What Is Operations Management Theory?

Updated:May 20, 2019
Kenneth W. Boyd

The knowledge of how to successfully oversee company or project operations is important for any project manager. This knowledge is referred to as Operations Management Theory (OMT): the application of several practices with the goal of promoting efficiency in production.

So how do you go about learning how to successfully manage an operation?

Let’s start with why OMT is so important, and what it can do to boost a company’s productivity and return on investment.


Why Companies Love Operations Management Theory

Why Companies Love Operations Management Theory

The effective application of OMT does wonders for a business organization. In essence, OMT offers a makeover to existing processes in the supply chain and actual production management. The reason to redo or improve the existing processes is to make sure that your business is producing goods or services with maximum efficiency.

Many EAs compete with CPAs and other types of accountants. As an EA, you can help clients with tax returns as well as advise on any tax related concerns. You will also use your expertise to represent clients who need to deal with the IRS in any capacity, such as during an audit.

However, with effective operations management, businesses are able to achieve a better output and higher quality of goods and products. This gives them a competitive advantage over their rivals and increases the company’s return on investment (ROI).

What’s not to love about that?


Who’s In Charge of Operations Management?

Who’s In Charge Of Operations Management?

If a company has several departments that handle marketing, engineering, design, and sales, where would operations fall?

The answer is: everywhere!

All departments of a company fall under operations, both in the day-to-day processes of the business and the long-term goals and direction of the company. An effective Operations Manager or Chief Operating Officer (COO) has to wear quite a few hats, acting as a cross-department liaison. No part of the company operations should be unknown to the Operations Manager.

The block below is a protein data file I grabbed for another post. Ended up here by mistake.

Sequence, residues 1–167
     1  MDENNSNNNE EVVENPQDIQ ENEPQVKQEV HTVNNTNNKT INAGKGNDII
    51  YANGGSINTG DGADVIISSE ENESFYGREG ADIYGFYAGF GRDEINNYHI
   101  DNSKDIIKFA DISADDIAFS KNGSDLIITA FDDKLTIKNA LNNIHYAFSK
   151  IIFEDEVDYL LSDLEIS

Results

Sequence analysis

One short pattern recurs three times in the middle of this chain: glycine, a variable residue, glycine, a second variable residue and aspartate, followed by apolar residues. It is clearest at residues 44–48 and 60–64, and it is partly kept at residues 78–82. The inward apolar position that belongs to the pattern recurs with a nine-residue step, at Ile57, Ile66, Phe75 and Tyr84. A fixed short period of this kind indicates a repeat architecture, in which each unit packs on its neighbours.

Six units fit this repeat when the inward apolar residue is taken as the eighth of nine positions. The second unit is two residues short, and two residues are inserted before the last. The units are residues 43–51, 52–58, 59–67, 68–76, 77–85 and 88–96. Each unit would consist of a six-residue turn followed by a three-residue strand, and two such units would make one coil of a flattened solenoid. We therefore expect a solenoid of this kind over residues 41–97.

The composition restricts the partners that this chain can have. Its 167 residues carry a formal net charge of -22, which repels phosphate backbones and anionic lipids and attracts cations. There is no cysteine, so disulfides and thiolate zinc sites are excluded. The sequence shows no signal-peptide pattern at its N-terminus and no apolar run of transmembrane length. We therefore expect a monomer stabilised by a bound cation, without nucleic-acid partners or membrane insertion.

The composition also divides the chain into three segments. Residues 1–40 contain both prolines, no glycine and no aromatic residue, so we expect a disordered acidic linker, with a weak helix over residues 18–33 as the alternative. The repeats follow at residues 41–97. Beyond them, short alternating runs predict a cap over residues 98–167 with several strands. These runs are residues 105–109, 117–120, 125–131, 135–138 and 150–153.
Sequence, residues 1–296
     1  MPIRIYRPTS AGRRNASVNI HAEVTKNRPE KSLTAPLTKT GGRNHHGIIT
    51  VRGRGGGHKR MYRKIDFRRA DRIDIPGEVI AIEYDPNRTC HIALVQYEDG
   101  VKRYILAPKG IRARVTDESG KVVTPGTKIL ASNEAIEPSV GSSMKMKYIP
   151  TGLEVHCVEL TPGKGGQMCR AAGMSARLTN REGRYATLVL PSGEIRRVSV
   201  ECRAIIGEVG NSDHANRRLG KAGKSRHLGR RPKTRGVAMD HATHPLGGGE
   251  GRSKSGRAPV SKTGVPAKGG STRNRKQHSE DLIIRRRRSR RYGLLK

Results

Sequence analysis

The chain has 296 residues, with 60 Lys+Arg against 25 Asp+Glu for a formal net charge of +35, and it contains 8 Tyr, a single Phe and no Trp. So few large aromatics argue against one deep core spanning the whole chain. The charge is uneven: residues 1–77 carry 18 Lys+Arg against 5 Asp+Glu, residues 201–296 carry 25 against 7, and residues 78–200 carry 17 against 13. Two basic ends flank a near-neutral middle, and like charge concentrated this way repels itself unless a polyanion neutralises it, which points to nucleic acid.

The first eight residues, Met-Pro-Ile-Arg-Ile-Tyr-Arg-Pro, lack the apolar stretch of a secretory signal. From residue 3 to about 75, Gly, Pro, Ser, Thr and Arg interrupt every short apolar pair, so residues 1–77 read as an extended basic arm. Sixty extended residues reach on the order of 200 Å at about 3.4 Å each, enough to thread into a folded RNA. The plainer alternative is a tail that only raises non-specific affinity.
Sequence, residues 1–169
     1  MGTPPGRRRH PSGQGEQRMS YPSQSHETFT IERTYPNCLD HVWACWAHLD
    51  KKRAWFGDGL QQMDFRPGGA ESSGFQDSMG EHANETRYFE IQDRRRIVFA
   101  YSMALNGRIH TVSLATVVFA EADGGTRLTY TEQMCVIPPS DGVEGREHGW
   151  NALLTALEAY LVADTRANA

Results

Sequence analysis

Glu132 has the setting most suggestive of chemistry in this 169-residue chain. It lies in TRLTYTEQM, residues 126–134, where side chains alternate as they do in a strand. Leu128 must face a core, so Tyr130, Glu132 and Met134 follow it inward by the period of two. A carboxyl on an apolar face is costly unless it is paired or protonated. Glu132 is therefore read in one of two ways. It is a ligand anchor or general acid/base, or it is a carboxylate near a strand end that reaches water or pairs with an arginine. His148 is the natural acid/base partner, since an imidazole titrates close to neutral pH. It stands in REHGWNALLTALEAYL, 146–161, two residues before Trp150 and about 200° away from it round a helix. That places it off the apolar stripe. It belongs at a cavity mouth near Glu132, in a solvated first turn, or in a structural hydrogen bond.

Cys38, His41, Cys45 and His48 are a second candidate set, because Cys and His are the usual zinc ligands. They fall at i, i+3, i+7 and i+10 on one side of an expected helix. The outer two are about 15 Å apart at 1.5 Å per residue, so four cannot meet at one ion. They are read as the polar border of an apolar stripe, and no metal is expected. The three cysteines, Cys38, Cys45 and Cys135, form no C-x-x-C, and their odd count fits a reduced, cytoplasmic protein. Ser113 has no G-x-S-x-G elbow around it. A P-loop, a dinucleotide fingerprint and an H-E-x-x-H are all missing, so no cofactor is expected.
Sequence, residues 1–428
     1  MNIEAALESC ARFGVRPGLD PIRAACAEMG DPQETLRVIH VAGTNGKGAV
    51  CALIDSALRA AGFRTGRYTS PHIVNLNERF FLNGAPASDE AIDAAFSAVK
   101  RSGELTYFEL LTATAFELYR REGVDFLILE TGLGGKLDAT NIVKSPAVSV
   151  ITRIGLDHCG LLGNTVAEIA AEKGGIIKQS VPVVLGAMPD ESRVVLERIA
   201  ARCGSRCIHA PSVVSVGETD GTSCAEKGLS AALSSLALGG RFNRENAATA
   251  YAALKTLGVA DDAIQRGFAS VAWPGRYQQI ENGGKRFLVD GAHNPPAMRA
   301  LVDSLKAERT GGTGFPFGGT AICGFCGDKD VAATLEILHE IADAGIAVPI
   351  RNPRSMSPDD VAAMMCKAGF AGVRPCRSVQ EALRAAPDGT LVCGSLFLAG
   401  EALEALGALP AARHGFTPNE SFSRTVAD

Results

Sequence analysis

This is for an important reason. Rather than focusing on specific departmental goals, like landing X amount of sales or creating X amount of units, the Operations Manager’s job is to increase efficiency on every level of a company by using the resources on hand. These resources include people (employees, managers, and customers), technology, and equipment.

Operations Managers not only know the production aspect of the business intimately, but they also understand sales and marketing goals, financial projections and more.

Here are just a few things the Operations Manager should know about in order to be most effective at his or her position:

  • They know their customers, both from the marketing and sales aspect. The Operations Manager knows who to target, why, and how. Once those customers are in the door, the Operations Manager knows how best to assist them at maximum efficiency.
  • They are a very effective communicator. They must be comfortable communicating internal company information to different departments and employees, as well as communicating with customers, vendors in the supply chain, and stakeholders.
  • They understand the company’s finances. Goals, cost productions, budget cuts, breakevens…the Operations Manager has a working knowledge of them all.

Basically, the Operations Manager knows the business inside and out. And because they know the business so well, they are the most effective individual to oversee and manage the application of Operations Management Theory.


Effective Supply Chain Management

Effective Supply Chain Management